Prisoner Releases:

Reintegration of Offenders Into Communities

GAO-01-966T: Published: Jul 20, 2001. Publicly Released: Jul 20, 2001.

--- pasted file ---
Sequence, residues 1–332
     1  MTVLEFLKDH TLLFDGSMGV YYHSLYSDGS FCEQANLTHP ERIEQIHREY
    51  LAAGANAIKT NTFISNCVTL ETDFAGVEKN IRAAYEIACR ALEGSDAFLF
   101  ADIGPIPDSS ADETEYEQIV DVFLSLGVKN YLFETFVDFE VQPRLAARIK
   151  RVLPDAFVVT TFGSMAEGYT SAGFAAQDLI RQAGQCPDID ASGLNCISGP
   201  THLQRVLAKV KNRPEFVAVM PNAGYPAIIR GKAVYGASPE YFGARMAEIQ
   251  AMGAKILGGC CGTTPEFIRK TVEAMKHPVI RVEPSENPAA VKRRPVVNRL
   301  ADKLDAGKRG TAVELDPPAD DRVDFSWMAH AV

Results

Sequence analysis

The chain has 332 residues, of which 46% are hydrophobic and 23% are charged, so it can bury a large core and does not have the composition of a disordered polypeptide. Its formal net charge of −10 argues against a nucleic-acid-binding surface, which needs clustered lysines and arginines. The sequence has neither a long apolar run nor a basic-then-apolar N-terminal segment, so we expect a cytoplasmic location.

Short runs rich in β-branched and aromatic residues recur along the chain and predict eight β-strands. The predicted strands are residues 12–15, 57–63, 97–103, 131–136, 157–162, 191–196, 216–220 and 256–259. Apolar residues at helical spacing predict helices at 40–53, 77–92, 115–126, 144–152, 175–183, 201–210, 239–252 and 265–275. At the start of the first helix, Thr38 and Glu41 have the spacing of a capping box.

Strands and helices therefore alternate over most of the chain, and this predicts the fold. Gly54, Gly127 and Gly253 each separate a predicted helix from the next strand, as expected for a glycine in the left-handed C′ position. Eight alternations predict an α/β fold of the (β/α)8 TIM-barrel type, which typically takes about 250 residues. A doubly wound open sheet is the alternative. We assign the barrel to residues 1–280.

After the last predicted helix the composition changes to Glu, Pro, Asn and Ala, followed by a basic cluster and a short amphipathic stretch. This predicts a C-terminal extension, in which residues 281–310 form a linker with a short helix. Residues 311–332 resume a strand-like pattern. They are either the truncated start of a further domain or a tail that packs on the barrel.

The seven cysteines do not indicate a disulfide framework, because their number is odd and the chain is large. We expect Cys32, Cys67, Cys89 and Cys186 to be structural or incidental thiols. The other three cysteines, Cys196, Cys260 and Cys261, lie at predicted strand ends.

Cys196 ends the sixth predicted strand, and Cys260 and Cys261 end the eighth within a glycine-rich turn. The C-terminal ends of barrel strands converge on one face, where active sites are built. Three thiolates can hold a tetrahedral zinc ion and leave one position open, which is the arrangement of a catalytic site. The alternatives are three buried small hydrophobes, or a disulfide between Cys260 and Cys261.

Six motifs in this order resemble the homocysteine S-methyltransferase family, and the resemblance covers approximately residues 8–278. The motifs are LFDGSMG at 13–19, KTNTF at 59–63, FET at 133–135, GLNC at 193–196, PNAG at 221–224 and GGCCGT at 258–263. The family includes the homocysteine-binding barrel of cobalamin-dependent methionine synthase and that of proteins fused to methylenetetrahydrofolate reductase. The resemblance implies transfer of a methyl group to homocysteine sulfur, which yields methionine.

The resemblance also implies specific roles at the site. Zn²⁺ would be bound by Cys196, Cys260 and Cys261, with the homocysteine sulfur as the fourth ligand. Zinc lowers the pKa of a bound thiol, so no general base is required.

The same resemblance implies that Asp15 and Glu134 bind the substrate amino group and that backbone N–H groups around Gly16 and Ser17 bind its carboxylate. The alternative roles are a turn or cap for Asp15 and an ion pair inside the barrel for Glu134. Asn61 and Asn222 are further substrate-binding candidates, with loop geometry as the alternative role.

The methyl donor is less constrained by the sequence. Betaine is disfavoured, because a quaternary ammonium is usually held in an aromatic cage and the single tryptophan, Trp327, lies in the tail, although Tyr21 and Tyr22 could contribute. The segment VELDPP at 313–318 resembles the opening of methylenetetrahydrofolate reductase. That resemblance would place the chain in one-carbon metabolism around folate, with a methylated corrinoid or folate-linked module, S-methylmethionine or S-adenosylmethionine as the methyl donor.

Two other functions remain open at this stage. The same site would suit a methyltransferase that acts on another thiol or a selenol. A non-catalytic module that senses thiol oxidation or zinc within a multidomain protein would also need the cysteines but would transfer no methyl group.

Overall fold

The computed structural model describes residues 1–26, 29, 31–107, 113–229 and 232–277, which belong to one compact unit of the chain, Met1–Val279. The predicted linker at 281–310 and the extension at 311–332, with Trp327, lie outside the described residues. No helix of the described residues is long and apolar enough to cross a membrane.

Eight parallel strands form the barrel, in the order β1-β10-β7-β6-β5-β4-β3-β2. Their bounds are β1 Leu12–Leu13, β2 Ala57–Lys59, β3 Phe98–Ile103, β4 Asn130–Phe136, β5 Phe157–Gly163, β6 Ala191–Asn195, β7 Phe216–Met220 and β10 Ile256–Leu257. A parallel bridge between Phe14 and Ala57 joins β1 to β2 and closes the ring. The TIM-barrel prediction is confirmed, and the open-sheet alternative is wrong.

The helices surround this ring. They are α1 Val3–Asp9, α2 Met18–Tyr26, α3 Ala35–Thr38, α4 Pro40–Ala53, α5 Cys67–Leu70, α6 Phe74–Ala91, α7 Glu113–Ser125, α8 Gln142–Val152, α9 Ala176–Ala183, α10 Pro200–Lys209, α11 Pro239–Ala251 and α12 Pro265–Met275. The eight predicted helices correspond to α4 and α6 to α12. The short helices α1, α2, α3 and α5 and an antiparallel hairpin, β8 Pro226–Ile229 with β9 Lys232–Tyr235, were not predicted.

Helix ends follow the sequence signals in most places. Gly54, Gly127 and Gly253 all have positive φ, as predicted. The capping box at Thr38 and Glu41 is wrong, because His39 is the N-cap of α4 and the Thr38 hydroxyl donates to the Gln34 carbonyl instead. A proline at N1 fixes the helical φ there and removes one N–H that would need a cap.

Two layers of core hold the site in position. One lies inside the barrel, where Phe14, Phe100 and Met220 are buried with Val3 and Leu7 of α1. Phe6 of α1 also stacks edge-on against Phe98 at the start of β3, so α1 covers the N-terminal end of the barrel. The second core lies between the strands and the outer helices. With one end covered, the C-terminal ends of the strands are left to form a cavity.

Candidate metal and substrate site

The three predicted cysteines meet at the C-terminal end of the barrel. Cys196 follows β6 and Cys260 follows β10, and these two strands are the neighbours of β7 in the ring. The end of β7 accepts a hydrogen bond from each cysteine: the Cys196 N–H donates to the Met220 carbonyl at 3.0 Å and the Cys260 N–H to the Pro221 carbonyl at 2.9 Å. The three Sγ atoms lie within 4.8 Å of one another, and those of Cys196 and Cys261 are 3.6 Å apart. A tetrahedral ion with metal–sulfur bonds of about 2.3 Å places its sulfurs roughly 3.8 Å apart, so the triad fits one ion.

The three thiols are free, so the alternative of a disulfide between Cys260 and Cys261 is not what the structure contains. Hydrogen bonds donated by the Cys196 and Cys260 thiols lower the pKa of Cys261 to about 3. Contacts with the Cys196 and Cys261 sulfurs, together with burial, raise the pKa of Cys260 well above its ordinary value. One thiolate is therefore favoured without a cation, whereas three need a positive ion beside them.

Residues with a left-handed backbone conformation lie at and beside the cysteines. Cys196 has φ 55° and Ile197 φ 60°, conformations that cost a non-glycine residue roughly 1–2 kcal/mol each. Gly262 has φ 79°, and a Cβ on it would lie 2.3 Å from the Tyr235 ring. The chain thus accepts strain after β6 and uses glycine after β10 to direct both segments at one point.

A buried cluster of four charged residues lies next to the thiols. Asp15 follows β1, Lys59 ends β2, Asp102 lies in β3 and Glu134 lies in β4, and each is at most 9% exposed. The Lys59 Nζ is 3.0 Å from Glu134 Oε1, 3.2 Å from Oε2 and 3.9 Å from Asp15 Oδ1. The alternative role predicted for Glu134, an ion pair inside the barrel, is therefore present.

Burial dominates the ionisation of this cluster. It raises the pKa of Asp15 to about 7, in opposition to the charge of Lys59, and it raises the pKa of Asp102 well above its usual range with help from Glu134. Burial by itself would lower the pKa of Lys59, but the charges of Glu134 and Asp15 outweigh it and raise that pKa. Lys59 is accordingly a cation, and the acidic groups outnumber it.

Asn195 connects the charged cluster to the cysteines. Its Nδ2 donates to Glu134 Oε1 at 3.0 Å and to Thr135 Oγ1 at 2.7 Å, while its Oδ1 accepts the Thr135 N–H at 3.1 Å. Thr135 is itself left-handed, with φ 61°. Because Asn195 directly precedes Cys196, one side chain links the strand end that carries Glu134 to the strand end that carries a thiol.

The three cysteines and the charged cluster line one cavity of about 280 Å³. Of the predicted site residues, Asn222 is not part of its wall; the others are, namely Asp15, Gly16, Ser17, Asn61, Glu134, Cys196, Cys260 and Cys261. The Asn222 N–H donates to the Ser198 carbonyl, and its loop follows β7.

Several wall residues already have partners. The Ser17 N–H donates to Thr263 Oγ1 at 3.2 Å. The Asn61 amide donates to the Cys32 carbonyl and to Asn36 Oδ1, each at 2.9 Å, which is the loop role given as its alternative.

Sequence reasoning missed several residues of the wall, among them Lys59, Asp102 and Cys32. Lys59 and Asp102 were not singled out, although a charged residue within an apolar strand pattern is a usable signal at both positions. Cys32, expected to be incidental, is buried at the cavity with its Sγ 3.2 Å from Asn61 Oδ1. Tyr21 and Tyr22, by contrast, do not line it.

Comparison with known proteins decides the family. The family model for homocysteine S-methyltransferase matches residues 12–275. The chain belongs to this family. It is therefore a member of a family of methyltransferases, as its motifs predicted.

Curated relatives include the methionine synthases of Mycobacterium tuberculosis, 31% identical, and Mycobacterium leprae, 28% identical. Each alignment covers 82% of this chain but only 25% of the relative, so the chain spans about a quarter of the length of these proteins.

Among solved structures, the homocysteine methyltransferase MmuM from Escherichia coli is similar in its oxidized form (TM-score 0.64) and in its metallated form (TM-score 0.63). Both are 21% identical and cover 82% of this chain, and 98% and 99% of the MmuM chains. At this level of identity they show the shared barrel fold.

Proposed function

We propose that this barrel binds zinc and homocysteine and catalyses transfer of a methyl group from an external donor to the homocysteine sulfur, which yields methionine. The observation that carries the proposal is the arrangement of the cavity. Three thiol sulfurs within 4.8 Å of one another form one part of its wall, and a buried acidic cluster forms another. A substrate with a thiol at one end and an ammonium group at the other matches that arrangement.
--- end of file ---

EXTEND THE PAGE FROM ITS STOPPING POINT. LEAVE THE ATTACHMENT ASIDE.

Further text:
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This testimony discusses prisoner releases and reintegration programs and provides some perspectives on the particular challenges posed by the District of Columbia offenders. Nationally, the total inmate population in federal and state prisons increased almost fourfold during the last two decades. Consistent with the trend of larger prison populations, the number of inmates who complete their sentences and return to communities has also risen significantly in recent years, surpassing the half-million mark in 1998. After being released, many individuals--about 40 percent historically--later return to prison for new offenses or parole violations. The Bureau of Justice Statistics' (BJS) most recent nationwide survey of prison inmates showed that 40 percent of federal inmates and 55 percent of state inmates in prison in 1997 had served prior sentences. BJS data showed that D.C. offenders, in particular, had more extensive criminal histories than the national averages. For example, 98.3 percent of all adult probationers in D.C. had prior convictions, almost twice the national average of 50 percent. BJS' 1997 survey also showed that the bulk of inmates in prison were drug abusers. The National Institute of Justice noted that 69 percent of D.C. offenders arrested in 1999 tested positive for at least one type of drug. GAO found deficiencies in some reintegration programs for D.C. prisoners. For example, few D.C. inmates had the benefit of a transitional period in a halfway house before being released to the community. Although acknowledging that much progress has been made, the Corrections Trustee for the District of Columbia said that a shortage of halfway house beds persists. Several national and D.C. reintegration initiatives exist to assist offenders who are returning to the community. The Young Offender Initiative, the Reentry Grant Program, and the Demonstration Grant Program are among the programs that focus on reducing recidivism, developing job skills, and treating drug abuse problems. This testimony summarizes a June report (GAO-01-483).

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